When empathy has been shown to me, I’ve felt as if someone has wrapped a warm blanket around my shivering cold shoulders. But when I’ve had to share that same warmth with others, especially those who’ve hurt me, it hasn’t been so easy to achieve.
I see many in my counseling office who struggle in the same way to show empathy toward a controlling spouse, a rebellious teenage son or daughter, or a rude and demanding boss. Sadly, this gap must be bridged with empathy or there will be no understanding, no connection, no healing.
I will be sharing in a future post, what I’ve learned and done to develop empathy and compassion in my life. But for now, I’d love to hear from you. Tell me what you’ve done that has worked to soften and open your heart.
Is it just me, or are there so many male celebrities in 2009 and 2010 who’ve sunk to despicable levels? Maybe there have been years where we just didn’t know about the misdeeds certain celebrities were committing, or maybe there are just more people spinning out of control.
Now there’s this whole Melodrama with Mel. How could it be? He’s the “Patriot.” He’s “Braveheart.” He’s the grieving “Father” in the movie “Signs.” He’s even the only Hollywood star who dared to make a realistic movie about Christ. Mel Gibson has tried to appear to be the good guy throughout all his movie-making years, but now we see him as the ultimate bad guy.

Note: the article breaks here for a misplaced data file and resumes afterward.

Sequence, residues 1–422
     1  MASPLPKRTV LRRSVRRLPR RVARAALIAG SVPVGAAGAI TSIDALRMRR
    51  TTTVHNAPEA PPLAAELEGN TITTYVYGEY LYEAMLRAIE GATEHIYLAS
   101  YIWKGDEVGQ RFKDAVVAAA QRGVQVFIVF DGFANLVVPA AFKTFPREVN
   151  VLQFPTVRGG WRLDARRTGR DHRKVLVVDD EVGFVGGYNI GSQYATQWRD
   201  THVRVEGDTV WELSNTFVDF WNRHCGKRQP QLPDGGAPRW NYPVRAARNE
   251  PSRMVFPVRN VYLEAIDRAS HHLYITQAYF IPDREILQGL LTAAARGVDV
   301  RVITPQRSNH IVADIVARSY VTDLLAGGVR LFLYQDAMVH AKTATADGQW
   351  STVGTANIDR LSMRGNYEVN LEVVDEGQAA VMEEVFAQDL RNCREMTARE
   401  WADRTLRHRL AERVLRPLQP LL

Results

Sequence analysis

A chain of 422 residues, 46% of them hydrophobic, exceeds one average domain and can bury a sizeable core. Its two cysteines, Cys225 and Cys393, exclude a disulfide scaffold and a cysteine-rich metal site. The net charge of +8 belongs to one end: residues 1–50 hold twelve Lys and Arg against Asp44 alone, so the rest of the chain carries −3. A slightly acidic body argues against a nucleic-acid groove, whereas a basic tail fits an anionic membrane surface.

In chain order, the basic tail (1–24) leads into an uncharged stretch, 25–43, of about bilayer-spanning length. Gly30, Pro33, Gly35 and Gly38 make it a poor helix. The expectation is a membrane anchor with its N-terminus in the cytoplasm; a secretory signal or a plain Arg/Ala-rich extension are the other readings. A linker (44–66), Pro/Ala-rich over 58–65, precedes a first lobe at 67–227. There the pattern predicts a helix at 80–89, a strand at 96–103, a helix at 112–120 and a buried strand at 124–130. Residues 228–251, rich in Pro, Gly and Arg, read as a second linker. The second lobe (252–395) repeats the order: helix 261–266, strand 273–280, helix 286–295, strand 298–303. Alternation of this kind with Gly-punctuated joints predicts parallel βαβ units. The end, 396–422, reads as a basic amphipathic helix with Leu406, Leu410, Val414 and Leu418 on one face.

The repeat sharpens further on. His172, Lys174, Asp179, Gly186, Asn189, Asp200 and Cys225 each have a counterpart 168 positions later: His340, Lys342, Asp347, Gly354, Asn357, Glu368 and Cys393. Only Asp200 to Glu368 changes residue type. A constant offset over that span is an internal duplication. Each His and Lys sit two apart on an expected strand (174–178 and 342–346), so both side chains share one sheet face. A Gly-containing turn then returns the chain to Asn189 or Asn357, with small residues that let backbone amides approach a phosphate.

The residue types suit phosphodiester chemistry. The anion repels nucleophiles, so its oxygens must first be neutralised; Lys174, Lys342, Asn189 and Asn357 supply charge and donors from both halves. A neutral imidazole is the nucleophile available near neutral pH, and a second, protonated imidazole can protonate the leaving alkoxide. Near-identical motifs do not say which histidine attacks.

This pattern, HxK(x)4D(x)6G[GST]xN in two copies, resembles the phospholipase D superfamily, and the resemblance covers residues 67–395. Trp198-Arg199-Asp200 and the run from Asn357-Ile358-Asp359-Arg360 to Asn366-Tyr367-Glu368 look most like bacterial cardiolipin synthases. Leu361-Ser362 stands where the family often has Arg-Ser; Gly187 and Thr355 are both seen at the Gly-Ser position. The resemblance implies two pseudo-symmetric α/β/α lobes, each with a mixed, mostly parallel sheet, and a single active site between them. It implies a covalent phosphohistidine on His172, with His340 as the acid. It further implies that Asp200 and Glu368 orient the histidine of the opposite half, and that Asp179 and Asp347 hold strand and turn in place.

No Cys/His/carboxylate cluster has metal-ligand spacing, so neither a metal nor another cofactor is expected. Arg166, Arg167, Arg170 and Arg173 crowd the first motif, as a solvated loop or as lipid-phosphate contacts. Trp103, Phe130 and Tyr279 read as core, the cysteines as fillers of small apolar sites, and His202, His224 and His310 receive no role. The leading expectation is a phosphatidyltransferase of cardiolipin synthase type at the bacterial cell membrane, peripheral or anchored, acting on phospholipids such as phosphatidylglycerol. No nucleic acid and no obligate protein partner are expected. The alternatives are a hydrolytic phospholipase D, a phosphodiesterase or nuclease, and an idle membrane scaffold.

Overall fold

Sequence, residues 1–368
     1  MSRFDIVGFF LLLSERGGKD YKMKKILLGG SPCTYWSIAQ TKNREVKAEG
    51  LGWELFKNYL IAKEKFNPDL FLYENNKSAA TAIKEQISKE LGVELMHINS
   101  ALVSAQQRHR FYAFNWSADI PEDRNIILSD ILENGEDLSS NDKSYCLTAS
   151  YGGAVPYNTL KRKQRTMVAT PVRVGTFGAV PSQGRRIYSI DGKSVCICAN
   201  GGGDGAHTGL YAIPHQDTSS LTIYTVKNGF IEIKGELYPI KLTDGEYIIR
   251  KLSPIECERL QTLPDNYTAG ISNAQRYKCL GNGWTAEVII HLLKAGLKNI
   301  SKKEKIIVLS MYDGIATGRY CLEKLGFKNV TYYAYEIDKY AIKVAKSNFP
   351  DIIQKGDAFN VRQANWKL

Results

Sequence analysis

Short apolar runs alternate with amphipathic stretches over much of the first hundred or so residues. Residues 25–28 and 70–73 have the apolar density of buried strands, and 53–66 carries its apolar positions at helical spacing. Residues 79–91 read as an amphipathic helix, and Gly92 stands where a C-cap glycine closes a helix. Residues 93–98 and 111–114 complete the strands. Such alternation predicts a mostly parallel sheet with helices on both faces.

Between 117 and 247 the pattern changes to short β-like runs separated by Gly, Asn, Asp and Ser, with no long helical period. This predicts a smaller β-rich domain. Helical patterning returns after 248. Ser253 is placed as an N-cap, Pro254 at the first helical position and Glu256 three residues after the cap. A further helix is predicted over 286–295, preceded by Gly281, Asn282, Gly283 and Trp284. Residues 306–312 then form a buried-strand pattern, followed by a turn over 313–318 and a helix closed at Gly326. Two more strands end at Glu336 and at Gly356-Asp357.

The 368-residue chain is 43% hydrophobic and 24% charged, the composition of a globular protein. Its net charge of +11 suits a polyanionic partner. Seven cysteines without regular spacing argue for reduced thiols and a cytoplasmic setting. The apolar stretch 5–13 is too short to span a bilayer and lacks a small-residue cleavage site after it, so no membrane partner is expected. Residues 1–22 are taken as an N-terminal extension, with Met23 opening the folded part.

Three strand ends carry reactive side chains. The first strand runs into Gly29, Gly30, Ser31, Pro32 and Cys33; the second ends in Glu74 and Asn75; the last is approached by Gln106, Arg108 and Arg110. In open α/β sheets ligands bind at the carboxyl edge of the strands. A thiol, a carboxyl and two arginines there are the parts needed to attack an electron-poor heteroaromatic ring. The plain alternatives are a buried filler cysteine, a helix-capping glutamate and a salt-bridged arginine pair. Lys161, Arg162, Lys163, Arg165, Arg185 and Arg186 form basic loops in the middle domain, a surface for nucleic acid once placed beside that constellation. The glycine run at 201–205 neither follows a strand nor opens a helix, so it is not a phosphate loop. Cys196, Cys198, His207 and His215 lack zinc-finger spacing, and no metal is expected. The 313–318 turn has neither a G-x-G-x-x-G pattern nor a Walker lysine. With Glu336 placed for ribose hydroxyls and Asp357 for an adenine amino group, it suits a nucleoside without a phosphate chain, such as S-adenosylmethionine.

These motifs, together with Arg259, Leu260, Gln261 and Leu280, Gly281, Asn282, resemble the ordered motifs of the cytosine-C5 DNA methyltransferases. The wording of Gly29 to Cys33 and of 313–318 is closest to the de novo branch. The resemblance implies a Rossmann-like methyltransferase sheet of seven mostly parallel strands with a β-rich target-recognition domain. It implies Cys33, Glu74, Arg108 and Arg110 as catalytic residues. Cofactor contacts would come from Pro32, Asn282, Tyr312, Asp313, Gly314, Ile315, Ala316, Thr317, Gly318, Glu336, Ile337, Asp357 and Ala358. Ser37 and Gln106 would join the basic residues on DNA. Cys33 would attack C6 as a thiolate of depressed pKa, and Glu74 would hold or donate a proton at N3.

To tell you the truth, I’m tired of hearing the recordings with Mel’s raspy, ranting voice. I don’t know if he really said those terrible things to his girlfriend and the mother of his child, although it seems quite likely. But if those recordings are authentic, then I would hope that the judicial system would bring justice and protection to Oksana and their daughter.
So if he really is a villain, then . . .
- Do we write him off and never go to another one of his movies or rent his DVD’s?
- Do we shake our heads in disdain whenever we see his wrinkled mug on television?
- Do we ignore his rants, chalking it up as just another celebrity gone awry?
- Do we learn a lesson from his temper run amuck?
- Do we pray for him and his family?
I must admit, as of yet, I haven’t prayed for the guy or his family. And even though I don’t have all the facts, I have a whole lot less respect for him than I did just six years ago when the “Passion of the Christ” was first released.
I’m not saying we should crucify him (pardon the pun). I’m not saying we should let him off the hook. I’m also not saying that we need to make a list of fallen celebrities to pray for—after all, we do only have 24 hours in a day! I’m just wondering what you, the reader, think you should do?
Here’s what I’m doing:
- Waiting to fully form my opinion about the man until more is known.
- Asking myself why I should or should not pray for him, and if God convicts me to pray for him, determining how to pray for him and his family.
- Using his public humiliation as a reminder that I need to surrender my anger to God on a daily, even moment by moment, basis.
Tell me what you think!